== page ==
Australian chemical company EcoMag Ltd and UNSW scientists are set to continue their successful collaboration under the CRC with an exciting new project to upcycle industrial and farm waste into eco-friendly plasterboard, thereby shrinking the carbon footprint of Australia’s construction sector.
The four-year project, titled ‘Circular economy framework to manufacture sustainable construction materials from agrifood wastes’ (‘Agrifood waste circular economy’) will transform the products of three waste streams – magnesium from WA’s extensive solar salt bitterns, agri-waste such as straw and wood, and CO2 released as a by-product of industrial operations – into low-carbon plasterboard.
EcoMag CEO Tony Crimmins is excited by the potential of the new construction material. “We believe that the future of all products that are made will be governed by the carbon footprint,” he told ABC Pilbara in a 25 May news article. “And if we can actually make the products that have low carbon footprints using our materials, we’re opening up markets that are future-protected for CO2 generation.
“It’s an amazingly obvious idea to take CO2 and put it into our process.”
The research rationale
EcoMag is keen to broaden the application of its hydrated magnesium carbonate/magnesium (di)hydroxide (HMC/MDH) product.
With growing demand for construction materials – external cladding, construction boards, bricks – made via a ‘circular economy’ framework, the company saw an opportunity for it to penetrate the well-established construction materials market with a sustainably-manufactured product.
“EcoMag’s product derives from a blend of agri-food wastes, captured carbon dioxide emissions and HMC/MDH recovered from a salt industrial waste stream,” Crimmins explains.
“The aim of the project is to progress the manufacture of their construction material product from a laboratory-scale process to a prototype-scale process.”
The key project output, he says, will be “a construction material manufactured at prototype scale which adopts a circular economy approach”.
Using the products of three separate waste streams to recover carbon into plasterboard might seem a complex process but according to UNSW Associate Professor and project lead Jason Scott, it’s a simple solution that was overlooked.
“It’s an easy way to capture and add value to, say, carbon dioxide emissions, using multiple waste streams – not only CO2 but agricultural and salt waste bittern streams,” Assoc. Prof. Scott says.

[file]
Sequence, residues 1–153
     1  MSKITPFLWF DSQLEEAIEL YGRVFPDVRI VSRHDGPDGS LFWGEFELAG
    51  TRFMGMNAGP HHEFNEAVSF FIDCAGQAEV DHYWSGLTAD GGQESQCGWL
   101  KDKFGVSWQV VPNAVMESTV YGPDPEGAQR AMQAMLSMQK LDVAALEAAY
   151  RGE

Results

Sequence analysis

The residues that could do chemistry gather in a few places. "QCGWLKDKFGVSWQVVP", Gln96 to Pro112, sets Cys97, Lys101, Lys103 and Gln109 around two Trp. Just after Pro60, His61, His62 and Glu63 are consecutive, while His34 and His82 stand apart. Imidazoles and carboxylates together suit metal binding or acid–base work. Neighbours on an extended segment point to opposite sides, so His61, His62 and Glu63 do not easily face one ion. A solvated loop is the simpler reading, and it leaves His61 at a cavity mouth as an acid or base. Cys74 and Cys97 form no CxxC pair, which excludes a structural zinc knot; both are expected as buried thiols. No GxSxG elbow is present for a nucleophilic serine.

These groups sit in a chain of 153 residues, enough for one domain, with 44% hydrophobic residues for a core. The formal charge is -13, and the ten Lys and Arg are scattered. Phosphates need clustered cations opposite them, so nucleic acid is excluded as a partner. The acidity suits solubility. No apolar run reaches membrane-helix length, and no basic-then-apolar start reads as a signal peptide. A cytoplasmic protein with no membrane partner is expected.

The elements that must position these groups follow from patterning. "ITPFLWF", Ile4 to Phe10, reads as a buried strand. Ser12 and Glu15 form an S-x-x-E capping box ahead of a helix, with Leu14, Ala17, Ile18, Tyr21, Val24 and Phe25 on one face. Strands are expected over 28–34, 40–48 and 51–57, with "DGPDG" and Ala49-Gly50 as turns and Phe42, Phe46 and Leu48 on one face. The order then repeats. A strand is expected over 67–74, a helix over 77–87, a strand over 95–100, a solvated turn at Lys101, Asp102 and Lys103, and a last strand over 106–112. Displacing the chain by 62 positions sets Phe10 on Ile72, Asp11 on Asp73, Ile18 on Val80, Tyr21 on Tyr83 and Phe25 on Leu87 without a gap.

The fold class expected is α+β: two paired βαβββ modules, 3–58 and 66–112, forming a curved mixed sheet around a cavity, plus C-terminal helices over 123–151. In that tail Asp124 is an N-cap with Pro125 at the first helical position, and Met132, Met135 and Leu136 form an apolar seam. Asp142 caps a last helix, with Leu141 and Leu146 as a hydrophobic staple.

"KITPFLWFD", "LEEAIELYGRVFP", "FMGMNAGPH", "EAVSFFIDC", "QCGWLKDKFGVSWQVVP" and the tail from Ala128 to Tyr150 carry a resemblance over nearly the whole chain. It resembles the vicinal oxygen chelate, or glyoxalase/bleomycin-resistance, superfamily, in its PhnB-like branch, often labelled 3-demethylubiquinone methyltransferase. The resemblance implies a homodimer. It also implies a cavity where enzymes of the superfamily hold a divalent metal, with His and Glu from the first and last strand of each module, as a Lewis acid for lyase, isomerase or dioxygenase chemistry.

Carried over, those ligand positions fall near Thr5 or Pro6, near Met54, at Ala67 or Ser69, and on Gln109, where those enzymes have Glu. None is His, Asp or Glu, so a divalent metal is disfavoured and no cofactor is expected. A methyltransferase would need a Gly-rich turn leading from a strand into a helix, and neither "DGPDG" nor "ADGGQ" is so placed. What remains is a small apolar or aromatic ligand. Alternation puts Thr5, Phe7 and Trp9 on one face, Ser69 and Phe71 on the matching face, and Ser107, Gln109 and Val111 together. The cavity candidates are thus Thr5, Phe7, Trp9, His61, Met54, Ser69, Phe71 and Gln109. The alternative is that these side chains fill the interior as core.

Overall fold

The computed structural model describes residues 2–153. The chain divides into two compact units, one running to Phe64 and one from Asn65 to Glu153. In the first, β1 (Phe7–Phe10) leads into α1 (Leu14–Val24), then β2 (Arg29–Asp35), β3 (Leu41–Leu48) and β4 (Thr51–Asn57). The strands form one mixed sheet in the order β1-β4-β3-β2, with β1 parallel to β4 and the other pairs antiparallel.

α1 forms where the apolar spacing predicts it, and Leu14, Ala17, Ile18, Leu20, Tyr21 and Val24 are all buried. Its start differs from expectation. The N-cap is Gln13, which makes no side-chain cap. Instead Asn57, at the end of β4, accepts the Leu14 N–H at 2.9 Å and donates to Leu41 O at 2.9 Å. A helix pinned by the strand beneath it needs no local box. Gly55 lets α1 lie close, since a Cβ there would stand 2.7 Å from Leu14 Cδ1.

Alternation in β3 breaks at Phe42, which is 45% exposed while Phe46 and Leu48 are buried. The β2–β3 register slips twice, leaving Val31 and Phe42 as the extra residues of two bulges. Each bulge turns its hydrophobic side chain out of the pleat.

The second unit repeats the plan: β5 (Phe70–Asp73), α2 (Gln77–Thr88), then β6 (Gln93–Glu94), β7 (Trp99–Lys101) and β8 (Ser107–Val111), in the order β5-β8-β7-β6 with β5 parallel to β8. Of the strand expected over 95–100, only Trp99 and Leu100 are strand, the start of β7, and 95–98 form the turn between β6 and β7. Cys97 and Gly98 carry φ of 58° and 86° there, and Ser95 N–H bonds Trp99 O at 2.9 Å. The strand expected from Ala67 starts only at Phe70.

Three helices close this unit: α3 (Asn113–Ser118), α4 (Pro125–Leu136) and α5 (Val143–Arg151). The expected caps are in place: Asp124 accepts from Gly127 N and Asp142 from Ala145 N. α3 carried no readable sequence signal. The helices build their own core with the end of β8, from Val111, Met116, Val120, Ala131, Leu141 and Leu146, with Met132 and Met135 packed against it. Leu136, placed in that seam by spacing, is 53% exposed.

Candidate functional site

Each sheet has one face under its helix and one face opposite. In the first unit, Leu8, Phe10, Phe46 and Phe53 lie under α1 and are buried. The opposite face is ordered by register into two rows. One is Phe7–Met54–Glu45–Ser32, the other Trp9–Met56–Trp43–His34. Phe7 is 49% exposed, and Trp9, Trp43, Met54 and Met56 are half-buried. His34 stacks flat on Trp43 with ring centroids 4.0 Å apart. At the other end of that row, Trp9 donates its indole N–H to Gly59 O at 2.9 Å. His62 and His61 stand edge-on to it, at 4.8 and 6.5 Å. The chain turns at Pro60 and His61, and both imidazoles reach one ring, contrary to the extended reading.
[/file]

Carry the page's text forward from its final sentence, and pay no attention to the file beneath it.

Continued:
“Utilising three waste streams to make a sustainable low-carbon building material is something quite unique. And that’s the process we’re looking to develop.”
The project team
Associate Professor Jason Scott, Deputy Leader of the Particles and Catalysis Research Group within UNSW’s Faculty of Engineering, will head up the project research team.
Assoc. Prof. Scott has extensive experience in particle fabrication, photocatalysis, photoelectrocatalysis and heterogeneous catalysis, and a strong interest in developing sustainable technologies.
The project will engage at least one PhD student and will involve substantial collaboration with the technical-scientific team at EcoMag, principally Dr Tam Tran, Chief Technology Officer.
Assoc. Prof. Scott says he’s excited by the real-world potential of the project.
“Sometimes we overlook that simplest is often the best, and the reality is that simplest is probably best in terms of producing a commercial product,” he told ABC Pilbara. “Given that it’s such a simple process and it utilises multiple waste-streams, and it’s very current and very relevant to industry and the needs of society moving forward … it’s very exciting in that regard.”
According to Crimmins, EcoMag’s initial discussions with Australian companies have gone well. “The response has been tremendous, actually beyond my expectations,” he told ABC Pilbara, driven by shareholder interest in companies participating actively in carbon sequestration projects.
“It’s not something they’re doing lightly – they want to do it in a ‘real’ process,” Crimmins said. “[The companies] are very inquisitive to make sure that the project that we have actually has carbon going into it, and it can be stored for a long period of time.”
Crimmins anticipates a tenfold increase in the company’s Karratha operations if it succeeds in commercialising a low-carbon-emissions plasterboard product.
Lead image: Sea-salt industrial waste bitterns in Dampier, WA. SME EcoMag Ltd is working with scientists within the UNSW’s Faculty of Engineering to scale up its process for turning high-grade magnesium, carbon recovered from industrial processes, and agricultural waste such as pine and straw, into sustainable low-carbon plasterboard for the construction industry. Credit: EcoMag Ltd